Banded boxer shrimp busied away cleaning a lionfish, and an irritated pufferfish tried to dislodge a sea cucumber it had swum into, by rubbing itself against crinoids and broccoli coral.

Larger pelagic fish such as schooling batfish swam around the massive purple gorgonian and black coral seafans, while pink-spotted nudibranchs and a Miller’s Nembrotha kept the macro lovers happy among the crinoids and carpet anemones.

The local muck-sites required some more effort to find life, but the guides are adept at this. The Evolution house reef is a short boat-ride from the beach.

After being asked to find us a blue-ringed octopus, Gino’s Knight Rider eyes were scouting the seagrass like the scanning light on Kit’s bumper!

A boat, bamboo structures and some toilet bowls (all placed there by the resort team) have started to show coral growth and are creating interesting habitats for lionfish, eel catfish and glassfish. A fire-worm flitted around two nose-to-nose sea moths, and carpet anemones unfurled in the gentle water movement to reveal delicate porcelain crabs hiding under tentacle skirts.

On the bottom we marvelled at colourful sea-apples, sea-pens, a moon-snail egg-casing and hermit crabs fighting over a new shell domain. Well-buried sand-eels gazed vertically up to the unachievable surface ripples.

As we gave the thumbs-up signal to leave the 1m sandy bottom, Gino squealed through his reg. He had seen the holy grail: a blue-ringed octopus.

This little fellow was some 7cm long. We watched as it changed shape and stretched out its tentacles to walk along the green seabed.

It flashed the blue rings as a threat but also attempted to camouflage itself in among the fauna by spiking up to look like a fern in the seagrass.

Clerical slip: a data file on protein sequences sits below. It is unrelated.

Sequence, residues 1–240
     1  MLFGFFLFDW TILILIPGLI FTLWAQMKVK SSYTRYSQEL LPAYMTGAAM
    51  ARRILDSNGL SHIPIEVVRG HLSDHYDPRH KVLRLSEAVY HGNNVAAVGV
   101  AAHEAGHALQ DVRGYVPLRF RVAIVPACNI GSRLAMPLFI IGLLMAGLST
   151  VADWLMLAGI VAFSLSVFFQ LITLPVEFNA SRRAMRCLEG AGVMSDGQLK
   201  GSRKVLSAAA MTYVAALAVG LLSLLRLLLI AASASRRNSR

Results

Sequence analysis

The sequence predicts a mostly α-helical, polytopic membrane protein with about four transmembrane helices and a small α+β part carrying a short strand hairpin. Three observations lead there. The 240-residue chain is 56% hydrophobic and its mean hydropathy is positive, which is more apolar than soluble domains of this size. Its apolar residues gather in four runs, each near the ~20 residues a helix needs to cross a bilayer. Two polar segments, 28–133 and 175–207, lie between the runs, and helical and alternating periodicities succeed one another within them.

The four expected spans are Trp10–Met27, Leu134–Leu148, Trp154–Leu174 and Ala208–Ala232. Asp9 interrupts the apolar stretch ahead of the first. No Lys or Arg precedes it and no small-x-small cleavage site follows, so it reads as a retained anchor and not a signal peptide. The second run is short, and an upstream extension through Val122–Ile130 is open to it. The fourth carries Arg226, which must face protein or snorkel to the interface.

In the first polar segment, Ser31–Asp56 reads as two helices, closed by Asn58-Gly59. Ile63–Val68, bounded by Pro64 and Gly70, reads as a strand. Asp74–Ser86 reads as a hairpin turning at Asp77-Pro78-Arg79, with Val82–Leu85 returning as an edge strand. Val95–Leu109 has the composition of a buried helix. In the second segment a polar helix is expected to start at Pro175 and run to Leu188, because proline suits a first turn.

Deep Slope – a sandy slanting bottom joining a reef top – was my favourite muck-site. We descended a line to a small purple gorgonian seafan. Guide Joe pointed out a Bargibanti seahorse just a few centimetres in length.

This one was coy and it was hard to focus on such a tiny critter inside the purple branches of the fan. I was impressed that our guides didn’t use pointy sticks to influence the pygmy seahorse’s position and – as there was a queue behind me to see it – I decided to move on, safe in the knowledge that this was going to be a good dive.

THE GREENS, BLUES AND REDS of the mantis shrimp make them a great subject for photography, but I’m always a little unsure how close to get, aware that they have been known to smash aquarium glass with their powerful claws! This 400-million-year-old life-form tends to live most of its life in burrows, venturing out only to spear or strike prey.

I happily snapped away at porcelain crabs and bubble-anemone shrimp, only to curse my macro lens when we ascended to the reef top to find both orange and white giant frogfish. The white one “yawned”, which was its way of telling me to bugger off or it would eat me!

When frogfish do this, they can increase the size of their mouths by up to 12 times. I took the hint and finned away with my 60mm lens between my legs. I found a much less threatening striking purple Hypselodoris laying eggs just a few metres away.

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Mantis shrimp.

Technical diving is big at Malapascua. The local sites are perfect for practising skills on courses and the drop-offs of the shoals have both depth and the reward of pelagics. During our stay there were normoxic trimix, Pelagian CCR and air deco courses on the go.

The tec room is well-equipped for preparing twin-sets and rebreathers and there are also trimix blending facilities. My buddy and I dived with two very skilled and attentive technical instructors who didn’t have one inflated ego between them.

The consistency in procedures was comforting, and pre-dive planning and safety briefings were thorough but relaxed. Blended gases were spot on, logging and labelling was encouraged and spare gas always available on board.

Boat-crew were well-briefed with what they should and shouldn’t help you with but were always there when you boarded the boat to help you de-kit.

The tiny Filipino crew made carrying both twin-sets and J-tanks up and down the beach on their shoulders look effortless!